1,000 Birds Dead in One Night After Colliding with a Single Chicago Building

American Bird Conservancy Calls for Action to Prevent Record Number of Bird Deaths

A major bird-collision event occurred in Chicago, Illinois, last week, killing nearly 1,000 migrating birds, the highest number on record. During the night and morning of October 4-5, the birds died after colliding into the McCormick Place Lakeside Center during the height of their annual fall migration

American Bird Conservancy (ABC) is calling for the management of McCormick Place to act now to prevent future bird collision tragedies, and for the Chicago City Council to fully implement the city's bird-friendly buildings ordinance. 

Six of the 1,000 birds found dead at McCormick Place. Left to right: Palm Warbler, Chestnut-sided Warbler, Black-throated Blue Warbler, Yellow-rumped Warbler, Northern Waterthrush, and Common Yellowthroat. Photo by Daryl Coldren.

Weather patterns played a role, but even before this unfortunate event, the building's reflective glass walls and bright lighting were known to be a problem. ABC partners at the Chicago Bird Collision Monitors and Willowbrook Wildlife Center were out in full force, rescuing as many live birds as possible. 

Conservationists have long voiced concerns over McCormick Place as a danger to birds due to its position along Lake Michigan's lakefront where a lot of birds travel. Though not a tall structure, the building is made mostly of glass that has not been treated with products recommended by ABC to prevent bird collisions. Solutions are available, but building management and the city of Chicago have yet to act.

In 2020, the Chicago City Council passed an ordinance requiring all new buildings to be designed with bird-safe features. It remains to be implemented as the city completes a larger sustainability plan for new development.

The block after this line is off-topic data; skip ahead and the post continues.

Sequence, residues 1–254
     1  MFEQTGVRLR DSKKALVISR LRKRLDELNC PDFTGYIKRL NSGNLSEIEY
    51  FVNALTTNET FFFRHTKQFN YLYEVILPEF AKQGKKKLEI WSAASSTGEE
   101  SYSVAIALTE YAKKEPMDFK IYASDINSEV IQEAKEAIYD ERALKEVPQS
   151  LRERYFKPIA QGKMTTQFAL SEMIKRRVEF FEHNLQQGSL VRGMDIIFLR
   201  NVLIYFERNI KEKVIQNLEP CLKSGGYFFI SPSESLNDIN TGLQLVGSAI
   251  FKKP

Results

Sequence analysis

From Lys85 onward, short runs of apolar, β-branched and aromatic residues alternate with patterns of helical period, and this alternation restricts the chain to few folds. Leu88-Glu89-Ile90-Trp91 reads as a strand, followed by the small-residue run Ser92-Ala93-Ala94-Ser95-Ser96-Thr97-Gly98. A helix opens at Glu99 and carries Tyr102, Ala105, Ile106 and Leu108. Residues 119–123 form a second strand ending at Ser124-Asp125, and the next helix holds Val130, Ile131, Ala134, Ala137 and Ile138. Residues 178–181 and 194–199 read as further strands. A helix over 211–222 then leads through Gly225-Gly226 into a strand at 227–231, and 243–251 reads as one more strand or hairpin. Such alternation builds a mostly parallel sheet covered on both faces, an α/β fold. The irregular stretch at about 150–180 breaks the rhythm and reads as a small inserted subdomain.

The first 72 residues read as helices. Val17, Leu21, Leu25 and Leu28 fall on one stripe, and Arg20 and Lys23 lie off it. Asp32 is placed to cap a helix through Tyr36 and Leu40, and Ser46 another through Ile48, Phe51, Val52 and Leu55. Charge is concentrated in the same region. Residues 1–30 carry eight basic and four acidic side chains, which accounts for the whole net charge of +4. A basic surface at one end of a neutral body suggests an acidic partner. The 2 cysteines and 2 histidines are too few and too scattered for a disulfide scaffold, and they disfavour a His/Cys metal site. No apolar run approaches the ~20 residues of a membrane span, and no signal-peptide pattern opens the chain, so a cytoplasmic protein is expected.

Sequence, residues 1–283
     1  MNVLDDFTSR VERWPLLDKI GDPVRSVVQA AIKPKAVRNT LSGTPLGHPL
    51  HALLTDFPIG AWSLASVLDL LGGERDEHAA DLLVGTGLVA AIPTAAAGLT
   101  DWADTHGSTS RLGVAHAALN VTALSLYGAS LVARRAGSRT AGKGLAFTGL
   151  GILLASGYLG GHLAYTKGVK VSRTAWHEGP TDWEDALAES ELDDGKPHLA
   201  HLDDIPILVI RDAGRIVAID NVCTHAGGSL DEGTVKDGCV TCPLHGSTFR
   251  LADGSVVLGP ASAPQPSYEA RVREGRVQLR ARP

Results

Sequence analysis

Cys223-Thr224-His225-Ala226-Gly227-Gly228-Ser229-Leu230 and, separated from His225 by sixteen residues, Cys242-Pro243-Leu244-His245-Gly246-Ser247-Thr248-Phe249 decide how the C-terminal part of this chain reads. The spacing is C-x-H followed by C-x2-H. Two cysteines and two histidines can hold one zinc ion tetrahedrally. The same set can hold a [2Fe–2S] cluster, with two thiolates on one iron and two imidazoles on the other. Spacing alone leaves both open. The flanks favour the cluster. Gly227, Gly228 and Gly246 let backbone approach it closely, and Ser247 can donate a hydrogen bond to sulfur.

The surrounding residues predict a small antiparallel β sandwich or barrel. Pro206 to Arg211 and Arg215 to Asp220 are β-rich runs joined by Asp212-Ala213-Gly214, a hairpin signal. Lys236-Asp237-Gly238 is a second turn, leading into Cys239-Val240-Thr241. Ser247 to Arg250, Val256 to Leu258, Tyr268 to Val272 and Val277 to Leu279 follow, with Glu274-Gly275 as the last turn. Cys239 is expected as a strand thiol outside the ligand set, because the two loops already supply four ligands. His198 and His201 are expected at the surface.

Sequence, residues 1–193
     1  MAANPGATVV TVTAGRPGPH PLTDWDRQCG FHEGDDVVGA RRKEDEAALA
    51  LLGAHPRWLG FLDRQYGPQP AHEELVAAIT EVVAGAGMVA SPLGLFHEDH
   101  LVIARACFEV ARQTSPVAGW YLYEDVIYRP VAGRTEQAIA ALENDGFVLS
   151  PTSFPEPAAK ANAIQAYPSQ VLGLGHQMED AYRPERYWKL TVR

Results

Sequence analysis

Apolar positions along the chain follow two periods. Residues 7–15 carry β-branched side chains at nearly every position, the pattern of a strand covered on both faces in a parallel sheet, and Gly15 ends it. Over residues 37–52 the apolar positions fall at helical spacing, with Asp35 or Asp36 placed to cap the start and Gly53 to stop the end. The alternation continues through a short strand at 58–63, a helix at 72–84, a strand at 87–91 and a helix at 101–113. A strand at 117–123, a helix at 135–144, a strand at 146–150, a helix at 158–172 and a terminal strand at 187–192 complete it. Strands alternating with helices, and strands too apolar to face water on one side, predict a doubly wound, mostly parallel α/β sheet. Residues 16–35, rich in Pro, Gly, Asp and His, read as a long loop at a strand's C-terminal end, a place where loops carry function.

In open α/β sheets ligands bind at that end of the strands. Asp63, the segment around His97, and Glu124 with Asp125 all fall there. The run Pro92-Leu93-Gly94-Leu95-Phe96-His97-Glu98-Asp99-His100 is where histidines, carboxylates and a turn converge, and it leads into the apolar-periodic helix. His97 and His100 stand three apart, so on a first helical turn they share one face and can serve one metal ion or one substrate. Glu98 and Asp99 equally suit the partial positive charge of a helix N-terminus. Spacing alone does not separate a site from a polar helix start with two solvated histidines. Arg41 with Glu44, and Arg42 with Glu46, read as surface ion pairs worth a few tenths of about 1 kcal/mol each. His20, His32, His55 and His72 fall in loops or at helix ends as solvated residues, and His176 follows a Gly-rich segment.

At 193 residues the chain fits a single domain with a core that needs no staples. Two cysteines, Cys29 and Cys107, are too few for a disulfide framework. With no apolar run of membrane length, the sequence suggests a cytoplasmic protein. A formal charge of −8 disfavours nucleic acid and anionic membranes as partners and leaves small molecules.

This is one of the busiest times of year for Black-throated Blue Warbler, Yellow-rumped Warblers, White-throated Sparrows and dozens of other migratory bird species passing through Chicago on their way south for the winter. Collisions with glass result in a staggering loss of up to 1 billion birds each year in the United States. It's a conservation crisis that ABC is tackling head on.

American Bird Conservancy ran a PSA in the Chicago Tribune print newspaper on October 10th, 2023 to draw attention to the tragic bird event that occurred and the overall threat of collisions.
American Bird Conservancy ran a Public Service Announcement in the Chicago Tribune print edition on October 11, 2023 to draw attention to the tragic bird event that occurred and the overall threat of collisions. See full image (PDF).

Most people may assume birds can cope and fly away right after a collision. However, birds often end up sustaining unseen serious injuries such as bruising, eye ulcers, and fractures that prevent them from continuing their journeys. The good news is, people can help. Given the loss of nearly 3 billion birds in the U.S. and Canada since 1970, ABC is encouraging the following solutions to help birds survive and thrive:

  • Tell your legislators to support the Federal Bird Safe Buildings Act. Take action now. 
  • Learn what other simple actions you can take to prevent bird collisions both at home and in your community.

We extend our sincerest thanks to the Willowbrook Wildlife Center, Chicago Bird Collision Monitors, and other groups and individuals who have been rescuing and providing vital care for the hundreds of injured birds that survived the McCormick Place mass-collision event.


American Bird Conservancy is a nonprofit organization dedicated to conserving wild birds and their habitats throughout the Americas. With an emphasis on achieving results and working in partnership, we take on the greatest problems facing birds today, innovating and building on rapid advancements in science to halt extinctions, protect habitats, eliminate threats, and build capacity for bird conservation. Find us on abcbirds.orgFacebookInstagram, and X/Twitter (@ABCbirds).

Media Contact

Jordan Rutter
Director of Communications